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Why are Breast Ultrasounds Used and When You Should Have a Mammogram Instead


When speaking about diseases like cancer, the most important factor to have in mind in the treatment process is early detection. In order to detect early signs of breast cancer, doctors must conduct screenings, which is the only way to discover lumps or any unusual changes in tissues. In breast cancer detection, an ultrasound is usually not used as a primary diagnostic tool since it cannot verify microcalcifications, such as calcium deposits that are often considered as an early sign of breast cancer.

Ultrasounds are useful to detect further changes that occur in tissues, which is usually needed by the physicians if any abnormalities are detected on a mammogram. However, it’s not a matter of which is better as a diagnostic or detection tool, it’s rather what’s right for each case. Read through our article to know why breast ultrasounds are used and when you should have a mammogram instead.

Mammogram Imaging

A mammogram is an x-ray imaging tool that is commonly used by physicians to detect early signs of breast cancer. In some cases, mammography detects breast cancer before any noticeable tumors occur. Women with a higher risk of suffering from breast cancer, especially after the age of 40, should undergo mammogram imaging regularly for early detection of breast abnormalities. A mammogram works differently than the normal x-ray machines, the breasts are flattened and compressed by plates that spread the breast tissues for better diagnosis. The images captured by the mammogram are extensive and radiologists can easily discover any unusual deformities.

Ultrasound Imaging


Breast ultrasounds are an imaging tool that uses sound waves to look inside breast tissues and capture images, which detects any breast abnormalities. During this process, the technician holds a traducer, something like a wand, and passes it over the breast during the examination process. The traducer works by sending waves bounced off the breast, these waves travel back to create the image. Ultrasounds do not use radiation; you can go through this website for further information about safety measures. In some cases and health conditions, pregnancy mammograms and other radiation-based images are not recommended. The only safe diagnostic tool that can be used in these situations is going to be ultrasound imaging.

Key Differences

Ultrasounds are a safe and painless screening tool that does not involve any radiation. It uses high-frequency waves transmitted by a transducer and converted into images. It detects if the breast is charged with fluids or cysts, or any other solid object that can be a lump. An ultrasound can not replace the need for mammography but is rather used to follow up after a mammogram screening detects breast abnormalities.

It is beneficial for monitoring any changes in tissues or other significant developments. Mammogram screening has a reduced dose of radiation that helps capture images that are very detailed. A mammogram is a different type of x-ray that uses plates to flatten tissues of the breasts, which helps in the early detection of breast cancer, especially in women with thick breasts.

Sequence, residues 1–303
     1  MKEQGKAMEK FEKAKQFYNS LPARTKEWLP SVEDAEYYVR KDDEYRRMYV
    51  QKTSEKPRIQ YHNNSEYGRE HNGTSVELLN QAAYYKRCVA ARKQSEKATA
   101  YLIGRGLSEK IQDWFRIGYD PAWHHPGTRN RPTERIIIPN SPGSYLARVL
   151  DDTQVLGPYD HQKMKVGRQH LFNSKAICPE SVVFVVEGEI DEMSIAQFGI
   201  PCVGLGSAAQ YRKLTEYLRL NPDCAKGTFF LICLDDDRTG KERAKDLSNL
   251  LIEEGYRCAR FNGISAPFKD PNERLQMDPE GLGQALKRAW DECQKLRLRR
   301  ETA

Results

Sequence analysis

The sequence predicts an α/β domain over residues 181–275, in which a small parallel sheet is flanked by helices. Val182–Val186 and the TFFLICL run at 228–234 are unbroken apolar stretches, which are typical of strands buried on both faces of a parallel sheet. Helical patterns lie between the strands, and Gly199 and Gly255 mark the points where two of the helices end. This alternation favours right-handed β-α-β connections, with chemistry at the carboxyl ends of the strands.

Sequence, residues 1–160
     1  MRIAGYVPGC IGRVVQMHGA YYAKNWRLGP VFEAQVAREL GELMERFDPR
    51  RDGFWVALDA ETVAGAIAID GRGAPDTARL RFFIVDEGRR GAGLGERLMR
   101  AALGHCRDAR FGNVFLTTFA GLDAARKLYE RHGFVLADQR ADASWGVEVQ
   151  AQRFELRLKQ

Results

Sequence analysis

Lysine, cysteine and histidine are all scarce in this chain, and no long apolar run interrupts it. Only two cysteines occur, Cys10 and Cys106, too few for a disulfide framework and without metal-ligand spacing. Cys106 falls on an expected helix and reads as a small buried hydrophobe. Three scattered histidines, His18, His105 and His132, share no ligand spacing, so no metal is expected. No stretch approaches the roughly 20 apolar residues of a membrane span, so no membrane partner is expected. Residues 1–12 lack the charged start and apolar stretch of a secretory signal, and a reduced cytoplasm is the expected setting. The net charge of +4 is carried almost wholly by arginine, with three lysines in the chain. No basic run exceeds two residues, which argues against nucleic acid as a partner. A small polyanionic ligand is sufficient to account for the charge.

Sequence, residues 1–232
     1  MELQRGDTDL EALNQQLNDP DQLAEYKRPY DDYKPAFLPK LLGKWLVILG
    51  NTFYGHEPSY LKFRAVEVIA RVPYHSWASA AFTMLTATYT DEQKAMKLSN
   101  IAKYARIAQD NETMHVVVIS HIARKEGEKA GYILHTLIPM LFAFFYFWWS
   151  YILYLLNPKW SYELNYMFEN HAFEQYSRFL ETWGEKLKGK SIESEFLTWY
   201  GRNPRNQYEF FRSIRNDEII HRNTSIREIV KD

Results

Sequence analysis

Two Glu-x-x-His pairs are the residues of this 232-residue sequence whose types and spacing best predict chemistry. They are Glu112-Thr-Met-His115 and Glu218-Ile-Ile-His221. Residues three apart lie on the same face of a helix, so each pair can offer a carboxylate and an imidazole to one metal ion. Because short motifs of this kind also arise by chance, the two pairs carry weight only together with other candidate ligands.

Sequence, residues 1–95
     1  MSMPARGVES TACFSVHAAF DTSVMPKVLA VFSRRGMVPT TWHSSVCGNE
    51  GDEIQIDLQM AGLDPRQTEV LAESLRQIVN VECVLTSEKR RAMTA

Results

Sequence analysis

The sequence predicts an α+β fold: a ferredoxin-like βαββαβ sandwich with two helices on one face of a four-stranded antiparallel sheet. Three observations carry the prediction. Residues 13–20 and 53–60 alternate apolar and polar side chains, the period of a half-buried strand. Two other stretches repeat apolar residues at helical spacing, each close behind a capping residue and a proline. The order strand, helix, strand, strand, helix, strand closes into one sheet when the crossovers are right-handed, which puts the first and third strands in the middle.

Does an Ultrasound Substitute for a Mammogram?

Well, the answer is usually no. Ultrasounds are very useful tools to receive extra features of the infected area to determine whether it’s a benign lump or suspected of being cancer. The reason why ultrasounds can not be a substitute for a mammogram screening is that they can possibly miss microcalcifications and smaller tumors that are usually detected by mammography. In most cases of having an abnormal mammogram, it’s usually recommended to have an ultrasound or any other additional diagnostic examination. It is not only confined as an additional screening tool, it is sometimes used by physicians when undergoing a biopsy to guide the needle to the infected spot.

Which is Right for You?

If one treatment or means of diagnosis is right for someone, it doesn’t have to be perfect for you. There are several factors in addition to your health care provider deciding what’s right for your case. The first thing is the age of the person, as women under 30 are preferably recommended to undergo an ultrasound for their breast check-up rather than a mammogram.

However, physicians might prefer a mammogram if there’s a family history involved. Another significant factor is weight, women who suffer from obesity or happen to have large breasts are usually asked to undergo a mammogram to get clear and more detailed images of breast tissues. In some cases, it is risky to perform any type of x-rays, in these conditions, health providers may perform an ultrasound.


Breast cancer can be experienced at any age. If you feel any unusual changes or abnormalities, they must be reported immediately to your health care provider. Early detection and diagnosis saved the lives of several women, especially those who have a family history. Breast cancer is easily treated and cured if detected ahead of time, however, there’s no right age to perform breast screening, it usually depends on your condition and the doctor’s decision. Unless there’s a family history or suspicious symptoms, women under the age of 40 are not asked to perform any type of screening.

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